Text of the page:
Portraits of President Putin on display in a Moscow store.In a June 4, 2007, interview to journalists of G8 countries, when answering the question of whether Russian nuclear forces may be focused on European targets in case "the United States continues building a strategic shield in Poland and the Czech Republic", Putin admitted that "if part of the United States’ nuclear capability is situated in Europe and that our military experts consider that they represent a potential threat then we will have to take appropriate retaliatory steps. What steps? Of course we must have new targets in Europe."[56][92][93]

The end of 2006 brought strained relations between Russia and Britain in the wake of the death of a former FSB officer in London by poisoning. On July 20, 2007 UK Prime Minister Gordon Brown expelled "four Russian envoys over Putin's refusal to extradite ex-KGB agent Andrei Lugovoi, wanted in the UK for the murder of fellow former spy Alexander Litvinenko in London."[94] The Russian constitution prohibits the extradition of Russian nationals to third countries. British Foreign Secretary David Miliband said that "this situation is not unique, and other countries have amended their constitutions, for example to give effect to the European Arrest Warrant".[95]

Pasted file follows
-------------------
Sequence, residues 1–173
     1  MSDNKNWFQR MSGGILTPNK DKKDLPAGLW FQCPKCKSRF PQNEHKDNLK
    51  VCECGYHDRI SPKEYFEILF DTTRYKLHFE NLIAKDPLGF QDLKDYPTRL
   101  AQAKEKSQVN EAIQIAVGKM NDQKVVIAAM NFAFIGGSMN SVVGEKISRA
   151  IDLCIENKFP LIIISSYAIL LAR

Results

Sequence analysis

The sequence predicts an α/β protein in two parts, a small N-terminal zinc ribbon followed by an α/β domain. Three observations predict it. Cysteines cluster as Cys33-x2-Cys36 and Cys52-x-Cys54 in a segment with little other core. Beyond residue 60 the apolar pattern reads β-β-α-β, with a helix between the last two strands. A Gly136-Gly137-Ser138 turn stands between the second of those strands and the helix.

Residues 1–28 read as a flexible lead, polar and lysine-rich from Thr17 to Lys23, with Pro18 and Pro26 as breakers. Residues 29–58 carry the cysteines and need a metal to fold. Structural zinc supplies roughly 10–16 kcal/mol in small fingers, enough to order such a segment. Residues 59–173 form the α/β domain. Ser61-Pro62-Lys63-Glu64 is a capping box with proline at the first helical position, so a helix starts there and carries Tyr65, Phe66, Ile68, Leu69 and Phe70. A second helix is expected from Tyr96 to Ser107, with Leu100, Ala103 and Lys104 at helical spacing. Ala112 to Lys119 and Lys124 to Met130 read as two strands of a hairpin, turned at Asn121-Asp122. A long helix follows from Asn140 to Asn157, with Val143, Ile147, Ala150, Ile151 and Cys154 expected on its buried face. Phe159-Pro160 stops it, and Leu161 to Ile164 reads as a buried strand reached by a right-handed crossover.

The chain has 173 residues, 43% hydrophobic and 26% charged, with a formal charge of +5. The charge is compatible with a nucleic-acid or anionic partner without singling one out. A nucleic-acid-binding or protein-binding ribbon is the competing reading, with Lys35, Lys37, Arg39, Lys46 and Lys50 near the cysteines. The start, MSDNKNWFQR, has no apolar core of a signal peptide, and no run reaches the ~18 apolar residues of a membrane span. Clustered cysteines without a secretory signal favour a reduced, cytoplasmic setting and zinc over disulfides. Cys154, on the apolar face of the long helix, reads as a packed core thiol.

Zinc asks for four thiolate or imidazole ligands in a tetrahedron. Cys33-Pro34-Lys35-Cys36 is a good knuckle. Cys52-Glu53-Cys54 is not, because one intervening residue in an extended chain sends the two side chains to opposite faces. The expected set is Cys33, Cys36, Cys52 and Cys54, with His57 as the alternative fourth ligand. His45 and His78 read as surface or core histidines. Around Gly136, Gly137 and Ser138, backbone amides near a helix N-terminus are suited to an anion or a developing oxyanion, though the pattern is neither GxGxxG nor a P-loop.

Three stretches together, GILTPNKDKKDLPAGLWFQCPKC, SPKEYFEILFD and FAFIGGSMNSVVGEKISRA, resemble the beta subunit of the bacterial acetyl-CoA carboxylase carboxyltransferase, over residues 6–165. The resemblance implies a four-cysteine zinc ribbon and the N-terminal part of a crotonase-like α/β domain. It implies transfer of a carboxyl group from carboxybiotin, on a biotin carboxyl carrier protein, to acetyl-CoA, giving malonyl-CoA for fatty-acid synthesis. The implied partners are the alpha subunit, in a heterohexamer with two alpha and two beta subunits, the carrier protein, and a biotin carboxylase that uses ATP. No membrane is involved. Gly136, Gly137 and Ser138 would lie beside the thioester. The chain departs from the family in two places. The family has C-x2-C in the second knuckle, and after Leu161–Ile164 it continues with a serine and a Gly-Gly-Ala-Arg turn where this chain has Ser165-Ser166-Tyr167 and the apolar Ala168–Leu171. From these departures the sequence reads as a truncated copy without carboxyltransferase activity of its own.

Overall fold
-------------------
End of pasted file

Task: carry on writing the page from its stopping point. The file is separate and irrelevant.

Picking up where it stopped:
Miliband's statement was widely publicized by Russian media as a British proposal to change the Russian constitution.[96][97][98] According to VCIOM, 62% of Russians are against changing the Constitution in this respect.[99] The British Ambassador in Moscow Tony Brenton said that the UK is not asking Russia to break its Constitution, but rather interpret it in such a way that would make Lugovoi's extradition possible.[100] Putin, in response, advised British officials to "fix their heads" rather than propose changing the Russian constitution[101][98] and said that the British proposals were "a relic of a colonial-era mindset".[102]